In this paper we extend the conservative interface-interaction method of Hu et al. (2006) [34], adapted for weakly-compressible flows by Luo et al. (2015) [37], to include the effects of viscous, capillary, and Marangoni stresses consistently as momentum-exchange terms at the sharp interface. The interface-interaction method is coupled with insoluble surfactant transport which employs the underlying sharp-interface representation. Unlike previous methods, we thus achieve discrete global conservation in terms of interface interactions and a consistently sharp interface representation. The interface is reconstructed locally, and a sub-cell correction of the interface curvature improves the evaluation of capillary stresses and surfactant diffusion in particular for marginal mesh resolutions. For a range of numerical test cases we demonstrate accuracy and robustness of the method. In particular, we show that the method is at least as accurate as previous diffuse-interface models while exhibiting throughout the considered test cases improved computational efficiency. We believe that the method is attractive for high-resolution level-set interface-tracking simulations as it straightforwardly incorporates the effects of variable surface tension into the underlying conservative interface-interaction approach.

  1. Behavior of asphaltene model compounds at w/o interfaces.

    PubMed

    Nordgård, Erland L; Sørland, Geir; Sjöblom, Johan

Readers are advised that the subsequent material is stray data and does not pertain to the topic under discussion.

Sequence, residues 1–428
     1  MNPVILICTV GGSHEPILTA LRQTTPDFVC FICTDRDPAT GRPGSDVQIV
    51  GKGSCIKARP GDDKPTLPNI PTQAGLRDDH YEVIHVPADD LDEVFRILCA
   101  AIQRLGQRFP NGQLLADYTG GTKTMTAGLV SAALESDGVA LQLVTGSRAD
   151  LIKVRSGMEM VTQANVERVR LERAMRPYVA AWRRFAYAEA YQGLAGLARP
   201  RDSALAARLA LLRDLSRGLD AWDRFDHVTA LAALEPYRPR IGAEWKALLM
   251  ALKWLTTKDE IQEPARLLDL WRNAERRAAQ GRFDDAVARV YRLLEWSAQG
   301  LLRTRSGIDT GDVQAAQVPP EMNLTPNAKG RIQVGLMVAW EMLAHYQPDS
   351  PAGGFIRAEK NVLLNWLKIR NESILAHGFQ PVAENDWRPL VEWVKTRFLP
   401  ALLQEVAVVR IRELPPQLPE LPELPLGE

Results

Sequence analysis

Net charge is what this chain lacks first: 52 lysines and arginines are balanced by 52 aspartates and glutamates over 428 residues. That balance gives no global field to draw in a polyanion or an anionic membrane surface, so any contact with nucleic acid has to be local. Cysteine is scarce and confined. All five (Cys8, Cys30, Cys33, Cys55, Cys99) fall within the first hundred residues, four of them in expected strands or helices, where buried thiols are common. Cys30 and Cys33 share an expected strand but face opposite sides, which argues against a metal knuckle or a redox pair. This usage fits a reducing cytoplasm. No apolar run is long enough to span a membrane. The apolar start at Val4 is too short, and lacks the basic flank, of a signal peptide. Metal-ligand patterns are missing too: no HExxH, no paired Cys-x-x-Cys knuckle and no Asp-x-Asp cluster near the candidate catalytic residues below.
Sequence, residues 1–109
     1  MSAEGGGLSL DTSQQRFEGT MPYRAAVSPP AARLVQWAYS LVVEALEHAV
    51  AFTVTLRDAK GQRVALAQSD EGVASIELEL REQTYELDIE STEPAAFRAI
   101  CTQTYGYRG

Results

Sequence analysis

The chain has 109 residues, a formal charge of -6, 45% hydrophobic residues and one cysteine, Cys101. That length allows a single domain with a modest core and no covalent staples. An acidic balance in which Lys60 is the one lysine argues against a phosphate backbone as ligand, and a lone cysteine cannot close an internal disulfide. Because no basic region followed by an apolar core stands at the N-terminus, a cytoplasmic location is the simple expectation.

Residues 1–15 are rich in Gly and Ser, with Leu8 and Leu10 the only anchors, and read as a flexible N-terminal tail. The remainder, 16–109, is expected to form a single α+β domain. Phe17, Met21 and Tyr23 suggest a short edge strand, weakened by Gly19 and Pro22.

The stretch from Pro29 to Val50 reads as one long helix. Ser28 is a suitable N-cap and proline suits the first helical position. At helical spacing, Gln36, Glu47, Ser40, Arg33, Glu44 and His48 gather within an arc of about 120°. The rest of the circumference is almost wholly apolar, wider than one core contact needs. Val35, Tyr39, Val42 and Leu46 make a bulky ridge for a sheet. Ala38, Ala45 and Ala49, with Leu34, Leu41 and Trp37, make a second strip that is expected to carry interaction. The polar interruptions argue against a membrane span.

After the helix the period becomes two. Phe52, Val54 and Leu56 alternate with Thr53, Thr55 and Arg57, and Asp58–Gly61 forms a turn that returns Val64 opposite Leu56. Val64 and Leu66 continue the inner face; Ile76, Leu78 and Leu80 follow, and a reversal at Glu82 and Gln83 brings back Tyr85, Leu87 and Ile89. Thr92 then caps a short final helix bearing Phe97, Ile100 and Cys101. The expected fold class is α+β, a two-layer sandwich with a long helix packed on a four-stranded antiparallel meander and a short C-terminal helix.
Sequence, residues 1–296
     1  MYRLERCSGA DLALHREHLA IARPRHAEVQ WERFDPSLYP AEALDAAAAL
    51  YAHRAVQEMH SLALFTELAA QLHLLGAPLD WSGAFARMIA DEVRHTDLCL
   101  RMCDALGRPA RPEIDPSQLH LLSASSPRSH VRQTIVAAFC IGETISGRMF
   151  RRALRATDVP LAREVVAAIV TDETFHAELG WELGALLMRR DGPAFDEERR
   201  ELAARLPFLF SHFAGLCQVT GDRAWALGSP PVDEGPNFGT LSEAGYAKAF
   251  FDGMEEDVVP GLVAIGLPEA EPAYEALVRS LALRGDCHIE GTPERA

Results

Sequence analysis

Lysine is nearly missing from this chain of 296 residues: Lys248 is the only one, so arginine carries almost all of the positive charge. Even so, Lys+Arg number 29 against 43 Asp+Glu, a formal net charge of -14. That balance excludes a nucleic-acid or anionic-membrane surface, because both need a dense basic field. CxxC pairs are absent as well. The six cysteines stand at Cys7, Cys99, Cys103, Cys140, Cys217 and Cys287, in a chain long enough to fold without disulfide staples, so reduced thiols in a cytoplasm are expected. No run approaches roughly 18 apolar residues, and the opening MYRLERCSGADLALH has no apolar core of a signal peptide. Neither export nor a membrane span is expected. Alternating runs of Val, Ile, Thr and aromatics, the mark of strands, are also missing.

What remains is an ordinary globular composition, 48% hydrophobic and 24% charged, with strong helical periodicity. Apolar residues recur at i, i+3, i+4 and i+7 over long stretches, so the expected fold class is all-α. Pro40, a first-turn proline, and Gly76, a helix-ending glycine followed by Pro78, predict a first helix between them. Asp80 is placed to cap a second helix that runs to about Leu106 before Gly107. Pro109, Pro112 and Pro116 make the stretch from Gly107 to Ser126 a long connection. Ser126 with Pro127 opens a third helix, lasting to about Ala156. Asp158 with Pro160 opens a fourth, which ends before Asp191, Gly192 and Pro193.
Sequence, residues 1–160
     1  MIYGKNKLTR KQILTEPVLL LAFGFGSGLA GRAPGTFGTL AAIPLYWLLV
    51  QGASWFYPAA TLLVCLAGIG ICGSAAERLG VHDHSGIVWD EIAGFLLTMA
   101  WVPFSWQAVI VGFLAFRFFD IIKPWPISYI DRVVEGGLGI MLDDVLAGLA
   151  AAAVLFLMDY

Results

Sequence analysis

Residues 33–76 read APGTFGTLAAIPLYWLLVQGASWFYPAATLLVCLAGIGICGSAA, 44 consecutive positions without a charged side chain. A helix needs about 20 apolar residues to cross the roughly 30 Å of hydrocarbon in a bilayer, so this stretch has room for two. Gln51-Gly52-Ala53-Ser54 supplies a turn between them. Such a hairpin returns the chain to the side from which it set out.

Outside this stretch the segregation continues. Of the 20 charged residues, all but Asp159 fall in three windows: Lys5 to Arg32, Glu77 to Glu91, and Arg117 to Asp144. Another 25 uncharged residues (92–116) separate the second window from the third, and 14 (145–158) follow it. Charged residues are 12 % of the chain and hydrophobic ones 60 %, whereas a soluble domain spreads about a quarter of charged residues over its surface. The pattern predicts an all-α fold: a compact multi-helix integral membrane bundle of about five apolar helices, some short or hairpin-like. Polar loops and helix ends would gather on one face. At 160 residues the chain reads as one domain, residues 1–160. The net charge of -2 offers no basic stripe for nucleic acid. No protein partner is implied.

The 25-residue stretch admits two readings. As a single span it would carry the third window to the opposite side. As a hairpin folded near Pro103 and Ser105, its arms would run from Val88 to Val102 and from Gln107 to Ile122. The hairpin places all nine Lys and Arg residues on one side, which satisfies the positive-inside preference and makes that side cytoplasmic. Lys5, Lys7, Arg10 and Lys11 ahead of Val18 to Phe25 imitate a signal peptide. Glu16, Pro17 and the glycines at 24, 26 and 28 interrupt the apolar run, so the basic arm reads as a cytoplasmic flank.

2010-02-16

    Asphaltenes, present in significant amounts in heavy crude oil, contains subfractions capable of stabilizing water-in-oil emulsions. Still, the composition of these subfractions is not known in detail, and the actual mechanism behind emulsion stability is dependent on perceived interfacial concentrations and compositions. This study aims at utilizing polyaromatic surfactants which contains an acidic moiety as model compounds for the surface-active subfraction of asphaltenes. A modified pulse-field gradient (PFG) NMR method has been used to study droplet sizes and stability of emulsions prepared with asphaltene model compounds. The method has been compared to the standard microscopy droplet counting method. Arithmetic and volumetric mean droplet sizes as a function of surfactant concentration and water content clearly showed that the interfacial area was dependent on the available surfactant at the emulsion interface. Adsorption of the model compounds onto hydrophilic silica has been investigated by UV depletion, and minor differences in the chemical structure of the model compounds caused significant differences in the affinity toward this highly polar surface. The cross-sectional areas obtained have been compared to areas from the surface-to-volume ratio found by NMR and gave similar results for one of the two model compounds. The mean molecular area for this compound suggested a tilted geometry of the aromatic core with respect to the interface, which has also been proposed for real asphaltenic samples. The film behavior was further investigated using a liquid-liquid Langmuir trough supporting the ability to form stable interfacial films. This study supports that acidic, or strong hydrogen-bonding fractions, can promote stable water-in-oil emulsion. The use of model compounds opens up for studying emulsion behavior and demulsifier efficiency based on true interfacial concentrations rather than perceived interfaces.

  2. Metal oxide-graphene field-effect transistor: interface trap density extraction model

    PubMed Central

    Najam, Faraz; Lau, Kah Cheong; Lim, Cheng Siong; Yu, Yun Seop

    2016-01-01